As the Baby Boomer generation enters their twilight years, a large percentage of their children find themselves sandwiched between responsibilities for their own family and their aging parents. For caregivers who live far from their loved one, this dynamic proves particularly difficult. It’s estimated that there are between 5 and 7 million long-distance caregivers (LDCs) in the United States. An elder law attorney can advise both the elderly parent and the LDC about best practices for long-distance care and estate planning.
Often adult children don’t realize that their aging parent needs care or support until some kind of health crisis occurs. Long distances can compound this situation. When elderly parents live more than an hour away, problems may not be noticed immediately. Advance planning is essential. Ideally, the entire family should discuss responsibilities and make decisions in advance, including who will take the lead in care giving and where responsibilities lie.
In this planning stage, family members can determine the best options for care, including moving the parent closer to the caregiver or enlisting the help of in-home care services in the aging parent’s location. Family members should also make decisions about individual LDC roles. Siblings may decide to split responsibilities. One sibling may be better with hiring and monitoring caregivers, while another may choose to coordinate legal planning.
Here are some things to keep in mind as aging parents and long-distance caregivers plan ahead:
- Respecting the Aging Parent’s Wishes. Many aging parents may need help but want to remain as independent as possible, for as long as possible. It’s imperative that their wishes are taken into consideration with regard to where and how they live.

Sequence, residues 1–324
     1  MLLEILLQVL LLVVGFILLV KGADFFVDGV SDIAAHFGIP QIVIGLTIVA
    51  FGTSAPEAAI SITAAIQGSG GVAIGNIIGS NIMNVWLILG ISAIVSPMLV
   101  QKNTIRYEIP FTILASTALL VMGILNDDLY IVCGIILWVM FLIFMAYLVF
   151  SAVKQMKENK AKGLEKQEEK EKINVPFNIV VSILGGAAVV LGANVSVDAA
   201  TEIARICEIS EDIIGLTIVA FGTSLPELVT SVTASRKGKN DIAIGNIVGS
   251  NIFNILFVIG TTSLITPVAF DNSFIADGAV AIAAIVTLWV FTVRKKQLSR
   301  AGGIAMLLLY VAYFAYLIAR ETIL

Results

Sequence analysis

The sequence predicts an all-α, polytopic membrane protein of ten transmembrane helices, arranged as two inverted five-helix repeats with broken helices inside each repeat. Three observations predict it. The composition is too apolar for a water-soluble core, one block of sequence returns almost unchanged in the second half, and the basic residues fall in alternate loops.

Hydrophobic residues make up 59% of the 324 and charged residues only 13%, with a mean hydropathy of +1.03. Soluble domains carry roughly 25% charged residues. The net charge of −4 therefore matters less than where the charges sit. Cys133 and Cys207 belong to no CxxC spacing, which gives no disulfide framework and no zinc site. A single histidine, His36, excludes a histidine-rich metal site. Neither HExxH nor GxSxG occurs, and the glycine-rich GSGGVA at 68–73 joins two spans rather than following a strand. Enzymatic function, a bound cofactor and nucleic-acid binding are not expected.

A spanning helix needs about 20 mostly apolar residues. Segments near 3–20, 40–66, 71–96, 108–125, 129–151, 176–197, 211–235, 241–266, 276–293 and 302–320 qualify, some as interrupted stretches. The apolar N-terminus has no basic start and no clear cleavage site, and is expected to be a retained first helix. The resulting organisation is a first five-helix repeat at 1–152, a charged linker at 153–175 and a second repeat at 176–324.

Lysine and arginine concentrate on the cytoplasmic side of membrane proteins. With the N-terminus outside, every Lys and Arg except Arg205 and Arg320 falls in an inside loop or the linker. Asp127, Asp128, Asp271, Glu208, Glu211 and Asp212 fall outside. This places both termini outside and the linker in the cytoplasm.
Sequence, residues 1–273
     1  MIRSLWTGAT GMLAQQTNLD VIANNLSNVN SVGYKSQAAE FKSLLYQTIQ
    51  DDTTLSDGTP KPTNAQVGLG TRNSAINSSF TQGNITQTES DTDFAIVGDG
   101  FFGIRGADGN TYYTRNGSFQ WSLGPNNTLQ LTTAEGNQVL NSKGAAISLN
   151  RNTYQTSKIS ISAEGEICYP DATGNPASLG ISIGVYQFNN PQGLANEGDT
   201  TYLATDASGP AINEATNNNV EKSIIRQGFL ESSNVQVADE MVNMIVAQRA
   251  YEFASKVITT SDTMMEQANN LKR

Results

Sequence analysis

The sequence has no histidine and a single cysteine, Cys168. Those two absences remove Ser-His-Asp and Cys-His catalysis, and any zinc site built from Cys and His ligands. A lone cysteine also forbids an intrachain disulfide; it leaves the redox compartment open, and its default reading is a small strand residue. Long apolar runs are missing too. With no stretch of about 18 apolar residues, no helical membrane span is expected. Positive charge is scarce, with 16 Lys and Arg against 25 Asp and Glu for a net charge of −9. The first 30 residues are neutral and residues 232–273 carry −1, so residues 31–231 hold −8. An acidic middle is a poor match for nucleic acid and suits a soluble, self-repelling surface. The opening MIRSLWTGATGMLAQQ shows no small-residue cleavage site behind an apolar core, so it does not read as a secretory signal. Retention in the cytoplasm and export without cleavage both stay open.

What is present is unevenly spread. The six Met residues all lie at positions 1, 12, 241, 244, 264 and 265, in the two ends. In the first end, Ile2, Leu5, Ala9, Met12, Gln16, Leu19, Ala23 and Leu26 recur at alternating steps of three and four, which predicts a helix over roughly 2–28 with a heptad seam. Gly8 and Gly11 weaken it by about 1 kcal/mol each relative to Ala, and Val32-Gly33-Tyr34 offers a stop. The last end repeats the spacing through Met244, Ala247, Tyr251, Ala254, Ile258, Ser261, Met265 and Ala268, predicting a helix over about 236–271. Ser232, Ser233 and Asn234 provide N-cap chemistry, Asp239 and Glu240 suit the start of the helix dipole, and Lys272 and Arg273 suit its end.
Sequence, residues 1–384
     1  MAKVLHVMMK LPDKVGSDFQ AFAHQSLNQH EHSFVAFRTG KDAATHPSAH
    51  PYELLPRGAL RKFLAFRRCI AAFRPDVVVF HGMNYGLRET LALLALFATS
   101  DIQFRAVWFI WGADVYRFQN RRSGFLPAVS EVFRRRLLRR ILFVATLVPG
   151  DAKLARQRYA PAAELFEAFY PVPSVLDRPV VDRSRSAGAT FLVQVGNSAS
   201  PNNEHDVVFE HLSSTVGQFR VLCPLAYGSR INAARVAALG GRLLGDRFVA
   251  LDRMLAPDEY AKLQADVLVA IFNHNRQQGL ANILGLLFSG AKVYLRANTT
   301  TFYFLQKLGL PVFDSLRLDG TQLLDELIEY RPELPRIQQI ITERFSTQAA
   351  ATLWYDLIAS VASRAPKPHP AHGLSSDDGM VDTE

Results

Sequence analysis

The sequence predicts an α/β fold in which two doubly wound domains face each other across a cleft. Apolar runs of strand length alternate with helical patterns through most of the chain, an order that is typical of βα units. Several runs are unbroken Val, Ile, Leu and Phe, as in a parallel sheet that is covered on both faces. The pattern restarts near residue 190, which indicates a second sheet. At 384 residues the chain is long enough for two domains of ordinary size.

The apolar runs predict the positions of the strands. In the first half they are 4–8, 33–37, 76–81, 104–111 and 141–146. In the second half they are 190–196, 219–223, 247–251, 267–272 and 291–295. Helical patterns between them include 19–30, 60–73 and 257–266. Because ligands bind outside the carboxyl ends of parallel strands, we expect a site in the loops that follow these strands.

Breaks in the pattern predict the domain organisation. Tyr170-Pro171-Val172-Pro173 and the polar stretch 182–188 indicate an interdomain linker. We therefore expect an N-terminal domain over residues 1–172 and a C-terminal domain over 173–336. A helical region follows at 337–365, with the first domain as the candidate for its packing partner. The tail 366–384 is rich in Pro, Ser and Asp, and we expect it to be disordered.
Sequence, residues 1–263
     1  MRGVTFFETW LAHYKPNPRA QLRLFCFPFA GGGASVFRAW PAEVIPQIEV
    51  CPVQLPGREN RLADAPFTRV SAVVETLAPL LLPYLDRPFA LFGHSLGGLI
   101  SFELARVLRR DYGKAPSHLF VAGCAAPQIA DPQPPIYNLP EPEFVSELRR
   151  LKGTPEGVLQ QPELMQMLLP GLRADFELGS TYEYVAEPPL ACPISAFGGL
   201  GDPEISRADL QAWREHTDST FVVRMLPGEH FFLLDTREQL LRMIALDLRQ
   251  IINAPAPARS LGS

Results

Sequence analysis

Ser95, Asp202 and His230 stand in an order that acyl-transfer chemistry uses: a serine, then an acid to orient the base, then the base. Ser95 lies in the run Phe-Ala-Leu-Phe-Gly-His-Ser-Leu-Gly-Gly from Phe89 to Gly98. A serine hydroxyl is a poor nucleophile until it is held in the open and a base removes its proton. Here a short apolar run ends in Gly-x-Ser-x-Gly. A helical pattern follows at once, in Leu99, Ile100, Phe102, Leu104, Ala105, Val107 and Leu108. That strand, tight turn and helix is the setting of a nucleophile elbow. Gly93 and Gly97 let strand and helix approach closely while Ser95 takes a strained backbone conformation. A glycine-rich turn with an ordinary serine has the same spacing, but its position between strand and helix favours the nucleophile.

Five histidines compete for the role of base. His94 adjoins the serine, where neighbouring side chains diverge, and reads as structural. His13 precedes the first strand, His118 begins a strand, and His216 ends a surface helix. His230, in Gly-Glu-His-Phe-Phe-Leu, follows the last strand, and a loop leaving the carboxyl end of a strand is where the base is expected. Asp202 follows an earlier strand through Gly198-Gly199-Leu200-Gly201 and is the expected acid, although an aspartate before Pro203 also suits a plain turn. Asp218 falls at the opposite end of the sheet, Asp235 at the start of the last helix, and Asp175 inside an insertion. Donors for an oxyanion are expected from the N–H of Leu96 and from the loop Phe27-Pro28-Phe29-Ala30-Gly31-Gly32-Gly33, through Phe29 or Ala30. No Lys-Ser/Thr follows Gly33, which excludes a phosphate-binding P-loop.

- Contacting an Elder Attorney. An elder attorney should be consulted to help with estate planning and to guide the family in legal decisions. It’s important that issues such as the power of attorney for health directives be decided while the parent is able to do so. An elder law attorney can also make sure that the elderly person’s property and financial means are protected, while still providing for their daily needs.
- Organizing Affairs. It’s important to know where all of the pertinent paperwork is located.
- Learning About Resources in the Area. Long-distance caregivers should do research to learn about the resources in their elderly relative’s area to find the best in-home care and other services that will benefit them.
Becoming the caregiver for an elderly parent is challenging. In cases where the caregiver lives a significant distance from the parent, the situation can be even more of a challenge. An elder law attorney is an essential element in a long-distance caregiving plan. Contact us today for more information about how we can help you put together a long-distance caregiving plan for your loved one.